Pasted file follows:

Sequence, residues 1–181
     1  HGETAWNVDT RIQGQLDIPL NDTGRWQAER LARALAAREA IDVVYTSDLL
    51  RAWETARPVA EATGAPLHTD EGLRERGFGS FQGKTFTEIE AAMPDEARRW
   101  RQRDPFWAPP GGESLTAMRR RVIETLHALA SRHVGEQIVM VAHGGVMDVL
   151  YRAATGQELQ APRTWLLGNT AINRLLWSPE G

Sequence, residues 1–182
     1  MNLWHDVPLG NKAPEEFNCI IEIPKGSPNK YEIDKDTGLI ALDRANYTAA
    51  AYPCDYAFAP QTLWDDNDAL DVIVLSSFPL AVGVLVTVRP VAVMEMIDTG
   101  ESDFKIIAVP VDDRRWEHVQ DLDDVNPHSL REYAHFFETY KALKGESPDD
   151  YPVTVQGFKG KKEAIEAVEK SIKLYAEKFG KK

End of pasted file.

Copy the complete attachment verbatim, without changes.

Sequence, residues 1–181
     1  HGETAWNVDT RIQGQLDIPL NDTGRWQAER LARALAAREA IDVVYTSDLL
    51  RAWETARPVA EATGAPLHTD EGLRERGFGS FQGKTFTEIE AAMPDEARRW
   101  RQRDPFWAPP GGESLTAMRR RVIETLHALA SRHVGEQIVM VAHGGVMDVL
   151  YRAATGQELQ APRTWLLGNT AINRLLWSPE G

Sequence, residues 1–182
     1  MNLWHDVPLG NKAPEEFNCI IEIPKGSPNK YEIDKDTGLI ALDRANYTAA
    51  AYPCDYAFAP QTLWDDNDAL DVIVLSSFPL AVGVLVTVRP VAVMEMIDTG
   101  ESDFKIIAVP VDDRRWEHVQ DLDDVNPHSL REYAHFFETY KALKGESPDD
   151  YPVTVQGFKG KKEAIEAVEK SIKLYAEKFG KK